#12 – Dear Universities, Teach Internet Marketing
Hello, hello again, banditos of our humble cantina. This is a double-shot week of the Saloon, and be expecting more guest posts from Saloon enthusiasts. We’re forming like Voltron up in the Saloon.
United we stand at the Saloon, until the fourth to fifth scotch on the rocks is poured. Then we wobble and sit. Be on the lookout for more shots coming from our friends in the community.
Veni, vidi, vici, bitches. Much like the military genius of the Three Amigos,
we have ingrained in the community of the people and have all surrounded. There’s no escaping this.
Today, we are proud to welcome a guest post by Alex Morask. I don’t need to introduce homeboy; he’s inquisitive and will grab your attention himself. We were all impressed by his thoughts on teaching Internet marketing at universities. Being a student, he can walk the talk, giving insight about what’s on the mind of younger practitioners eager to learn more.
He’s a sharp guy and great writer. Dude’s coming out guns blazing. Say hello to our younger friend.
For those of you who don’t know me, which I assume is almost everyone, I’m Alex Morask, a 21 year old college student studying advertising and marketing at Marquette University in Milwaukee, Wisconsin. In addition, I’m an aspiring inbound marketer, and for the past two years I’ve been reading, theorizing and learning about this ever-evolving field as it has truly become a wonderful passion of mine.
I gained what online marketing knowledge I have now by routinely following an assortment of blogs, signing up for a lot of newsletters, pounding through all sorts of marketing Ebooks, pestering industry experts for advice (sorry Mr. Pulizzi), attending webinars and in person events and even taking online certification courses. Basically, if your company gates valuable marketing content behind lead gen forms, then I’m the annoying kid who downloads it as a completely unqualified lead.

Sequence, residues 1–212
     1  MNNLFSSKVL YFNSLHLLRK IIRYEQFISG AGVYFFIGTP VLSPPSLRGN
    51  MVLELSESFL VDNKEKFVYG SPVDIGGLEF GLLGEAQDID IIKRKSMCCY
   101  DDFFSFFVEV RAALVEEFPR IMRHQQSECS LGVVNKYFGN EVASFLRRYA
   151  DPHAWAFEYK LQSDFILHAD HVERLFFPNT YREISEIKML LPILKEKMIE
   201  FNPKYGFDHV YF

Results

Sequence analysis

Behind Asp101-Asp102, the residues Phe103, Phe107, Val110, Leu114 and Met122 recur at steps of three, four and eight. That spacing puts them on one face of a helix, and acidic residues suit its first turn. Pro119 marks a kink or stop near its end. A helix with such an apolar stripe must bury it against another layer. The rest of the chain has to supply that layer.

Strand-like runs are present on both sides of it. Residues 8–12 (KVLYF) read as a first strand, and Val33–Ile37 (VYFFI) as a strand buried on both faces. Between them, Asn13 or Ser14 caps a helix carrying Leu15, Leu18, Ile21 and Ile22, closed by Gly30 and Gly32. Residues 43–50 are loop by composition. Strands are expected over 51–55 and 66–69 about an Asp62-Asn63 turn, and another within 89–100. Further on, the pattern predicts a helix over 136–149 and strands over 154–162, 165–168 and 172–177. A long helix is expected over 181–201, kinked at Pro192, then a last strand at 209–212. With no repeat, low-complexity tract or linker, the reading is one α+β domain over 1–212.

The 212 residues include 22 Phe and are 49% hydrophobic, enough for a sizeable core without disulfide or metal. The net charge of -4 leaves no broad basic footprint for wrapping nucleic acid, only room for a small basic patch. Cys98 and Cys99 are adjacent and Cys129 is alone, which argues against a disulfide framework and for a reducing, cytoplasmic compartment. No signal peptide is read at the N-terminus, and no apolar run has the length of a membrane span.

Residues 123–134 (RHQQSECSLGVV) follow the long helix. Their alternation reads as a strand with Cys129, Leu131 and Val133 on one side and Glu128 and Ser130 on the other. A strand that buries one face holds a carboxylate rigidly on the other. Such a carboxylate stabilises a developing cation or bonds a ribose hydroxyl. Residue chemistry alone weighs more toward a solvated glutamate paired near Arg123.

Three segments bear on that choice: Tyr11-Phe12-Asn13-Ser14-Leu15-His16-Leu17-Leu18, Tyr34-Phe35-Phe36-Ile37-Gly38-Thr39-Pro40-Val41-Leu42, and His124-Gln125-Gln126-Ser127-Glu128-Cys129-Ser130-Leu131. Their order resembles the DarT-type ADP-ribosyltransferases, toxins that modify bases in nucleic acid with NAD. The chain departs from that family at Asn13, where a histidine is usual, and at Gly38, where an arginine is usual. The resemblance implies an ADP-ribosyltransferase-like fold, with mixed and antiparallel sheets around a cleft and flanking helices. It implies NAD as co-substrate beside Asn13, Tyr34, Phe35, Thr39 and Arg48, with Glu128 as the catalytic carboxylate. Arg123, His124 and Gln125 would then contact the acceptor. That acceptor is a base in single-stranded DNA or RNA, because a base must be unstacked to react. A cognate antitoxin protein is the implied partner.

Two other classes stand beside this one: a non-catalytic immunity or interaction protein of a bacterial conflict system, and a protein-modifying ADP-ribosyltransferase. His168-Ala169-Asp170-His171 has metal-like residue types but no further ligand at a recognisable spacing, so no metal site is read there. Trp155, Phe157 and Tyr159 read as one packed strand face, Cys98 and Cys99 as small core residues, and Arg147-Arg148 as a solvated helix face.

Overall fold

What I have never done is taken a college course that has developed or amplified my skillset and understanding of internet marketing. This is not because I was scared of increasing my workload, or because I ever thought I was intellectually above these courses, it’s because they simply do not exist.
As all of you know, online marketing is experiencing tremendous and rapid growth. Hubspot’s 2012 State of Inbound Marketing declares, “The distribution of marketing budgets is shifting towards inbound channels and the difference between inbound and outbound marketing expenditures grew by 50% from 2011 to 2012”. The report goes on to state that 47% of the businesses surveyed planned on increasing their inbound marketing budgets in the coming year.
The Content Marketing Institute, in their 2012 B2B Content Marketing Research Report, stated that 9 out of 10 organizations market with content marketing and, on average, spend over a quarter of their entire marketing budget on this specific channel. Now, I know not all inbound/content marketing is done online, but I think it’s fair to say that the most important parts are.
I cited the statistics above as evidence of the increasing importance of holistic and strategic internet marketing, especially for B2B firms in competitive sectors. Yet, despite this growth, and the growth of online marketing’s various components such as content strategy, SEO, web analytics, PR, PPC and social media, I bet you’d be hard pressed to find an accredited university that teaches internet marketing (as a degree) on their campus. “But Alex,” someone might ask, “What about all of the online degrees available?”
The Problem With Online Degrees.
I’m well aware that you can earn an internet marketing degree through various online schools, sometimes even from accredited programs such as Full Sail. However, if you really think about how college selection works for recently graduated high-schoolers, how many of them have an online university in their college consideration set? Better yet, how many of them do you think are unwaveringly sure of what they want to do in terms of their careers? My guess would be not many. And you can’t sign up for an online university without knowing exactly what you want to study, because online schools lack the general education requirements that brick and mortar universities have. This means that students don’t have those preliminary two years (freshman and sophomore year) to feel out what they like and don’t like while fulfilling their gen-ed requirements. Thus, a student like me who became infatuated with Internet Marketing halfway through my college career, has no options to choose from besides paying for additional, online schooling on top of an already exorbitant college tuition.